Welcome

Friends of Rawcliffe Meadows logoRawcliffe Meadows, along with the Clifton and Rawcliffe Ings, is part of the Ouse Ings floodplain to the north of the City of York in the UK (and provide an essential part in preventing it from flooding). It was notified in 2013 as a Site of Special Scientific Interest (SSSI). The Friends Of Rawcliffe Meadows have managed that part of the Ings since late in 1990. The site provides for a range of plant, bird, animal and insect life, some of which are rare, and limited to such disappearing landscapes. You can find how to get to us here.

Whilst the site is notified for its nationally important population of Tansy Beetles and the MG4 (Meadow Foxtail/Great Burnet) grassland, there is much else to be seen throughout the year. Natural England’s SSSI notification.

Rawcliffe Meadows is proud to be a member of the Tansy Beetle Action Group and one of the Freshwater Habitats Trust Flagship Pond sites. We are also a Buglife Urban Buzz Flagship site.freshwater-habitats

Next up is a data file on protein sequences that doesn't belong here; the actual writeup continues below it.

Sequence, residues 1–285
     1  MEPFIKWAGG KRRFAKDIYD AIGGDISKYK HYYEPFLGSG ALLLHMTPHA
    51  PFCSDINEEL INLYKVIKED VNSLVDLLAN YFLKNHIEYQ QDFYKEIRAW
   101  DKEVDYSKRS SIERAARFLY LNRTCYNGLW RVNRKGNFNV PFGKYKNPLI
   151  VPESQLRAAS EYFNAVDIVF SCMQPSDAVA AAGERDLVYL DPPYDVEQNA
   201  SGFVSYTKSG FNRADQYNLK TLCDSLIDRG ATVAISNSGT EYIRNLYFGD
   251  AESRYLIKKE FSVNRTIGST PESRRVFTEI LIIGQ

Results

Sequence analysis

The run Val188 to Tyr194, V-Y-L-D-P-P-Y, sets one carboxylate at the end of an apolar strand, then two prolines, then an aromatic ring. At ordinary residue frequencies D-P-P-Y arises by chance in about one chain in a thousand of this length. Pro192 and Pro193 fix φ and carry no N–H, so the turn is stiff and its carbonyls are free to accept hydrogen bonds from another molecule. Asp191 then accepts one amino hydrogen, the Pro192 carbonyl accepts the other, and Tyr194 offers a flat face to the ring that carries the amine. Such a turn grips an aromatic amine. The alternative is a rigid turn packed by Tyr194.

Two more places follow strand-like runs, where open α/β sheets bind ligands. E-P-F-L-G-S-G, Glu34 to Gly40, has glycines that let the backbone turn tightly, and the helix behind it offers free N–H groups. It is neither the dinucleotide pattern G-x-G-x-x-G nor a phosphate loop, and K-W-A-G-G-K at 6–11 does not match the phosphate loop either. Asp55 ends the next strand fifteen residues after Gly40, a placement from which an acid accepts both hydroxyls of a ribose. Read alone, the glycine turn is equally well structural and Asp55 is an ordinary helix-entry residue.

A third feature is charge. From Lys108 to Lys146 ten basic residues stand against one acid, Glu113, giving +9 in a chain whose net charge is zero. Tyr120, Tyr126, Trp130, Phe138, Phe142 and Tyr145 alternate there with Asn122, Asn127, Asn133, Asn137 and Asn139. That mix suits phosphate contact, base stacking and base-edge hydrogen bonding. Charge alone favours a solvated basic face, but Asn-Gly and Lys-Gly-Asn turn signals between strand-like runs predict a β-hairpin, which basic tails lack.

TBAG Jpeg

Find out more about the Friends, and the Meadows, by following the links on the right of this page. Our latest posts containing news and events are below this Welcome. We are also on Facebook.

Feel free to Sign up to our mailing list so that you don’t miss out on future happenings. We look forward to seeing you!

Rawcliffe Meadows 2013 (c) Whitfield Benson

Rawcliffe Meadows 2013 (c) Whitfield Benson

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Restoring and creating wildlife-rich grassland workshop Friday 8th June 2018 12 noon

Rawcliffe Meadows 2013 (c) Whitfield Benson

Rawcliffe Meadows 2013 (c) Whitfield Benson

Following our very successful workshops in May 2015, and with financial support from the North Yorkshire & York Local Nature Partnership Community Fund we are holding another workshop for 2018.

Wildflower-rich meadows are one of Britain’s most threatened habitats. So can we create new ones or restore those which have lost wildlife value? Lots of people have tried – and unfortunately many have failed!